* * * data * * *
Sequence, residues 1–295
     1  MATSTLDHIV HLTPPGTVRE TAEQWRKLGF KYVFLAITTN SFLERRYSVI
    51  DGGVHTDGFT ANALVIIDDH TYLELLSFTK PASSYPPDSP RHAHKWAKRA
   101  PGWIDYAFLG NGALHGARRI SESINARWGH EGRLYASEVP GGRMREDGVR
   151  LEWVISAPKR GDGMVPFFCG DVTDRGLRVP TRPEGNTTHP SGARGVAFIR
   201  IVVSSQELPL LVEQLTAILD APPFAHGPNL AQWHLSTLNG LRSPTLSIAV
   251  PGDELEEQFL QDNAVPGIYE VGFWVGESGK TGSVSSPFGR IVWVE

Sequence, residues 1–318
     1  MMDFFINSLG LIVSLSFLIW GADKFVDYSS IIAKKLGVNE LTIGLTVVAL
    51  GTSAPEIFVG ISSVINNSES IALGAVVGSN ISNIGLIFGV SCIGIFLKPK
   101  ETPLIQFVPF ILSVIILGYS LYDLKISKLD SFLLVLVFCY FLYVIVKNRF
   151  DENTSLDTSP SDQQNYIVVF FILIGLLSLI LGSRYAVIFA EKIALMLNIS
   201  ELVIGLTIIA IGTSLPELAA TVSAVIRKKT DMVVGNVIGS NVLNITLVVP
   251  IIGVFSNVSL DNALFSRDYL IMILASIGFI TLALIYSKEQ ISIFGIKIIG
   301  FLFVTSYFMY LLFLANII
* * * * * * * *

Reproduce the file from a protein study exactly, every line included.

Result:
Sequence, residues 1–295
     1  MATSTLDHIV HLTPPGTVRE TAEQWRKLGF KYVFLAITTN SFLERRYSVI
    51  DGGVHTDGFT ANALVIIDDH TYLELLSFTK PASSYPPDSP RHAHKWAKRA
   101  PGWIDYAFLG NGALHGARRI SESINARWGH EGRLYASEVP GGRMREDGVR
   151  LEWVISAPKR GDGMVPFFCG DVTDRGLRVP TRPEGNTTHP SGARGVAFIR
   201  IVVSSQELPL LVEQLTAILD APPFAHGPNL AQWHLSTLNG LRSPTLSIAV
   251  PGDELEEQFL QDNAVPGIYE VGFWVGESGK TGSVSSPFGR IVWVE

Sequence, residues 1–318
     1  MMDFFINSLG LIVSLSFLIW GADKFVDYSS IIAKKLGVNE LTIGLTVVAL
    51  GTSAPEIFVG ISSVINNSES IALGAVVGSN ISNIGLIFGV SCIGIFLKPK
   101  ETPLIQFVPF ILSVIILGYS LYDLKISKLD SFLLVLVFCY FLYVIVKNRF
   151  DENTSLDTSP SDQQNYIVVF FILIGLLSLI LGSRYAVIFA EKIALMLNIS
   201  ELVIGLTIIA IGTSLPELAA TVSAVIRKKT DMVVGNVIGS NVLNITLVVP
   251  IIGVFSNVSL DNALFSRDYL IMILASIGFI TLALIYSKEQ ISIFGIKIIG
   301  FLFVTSYFMY LLFLANII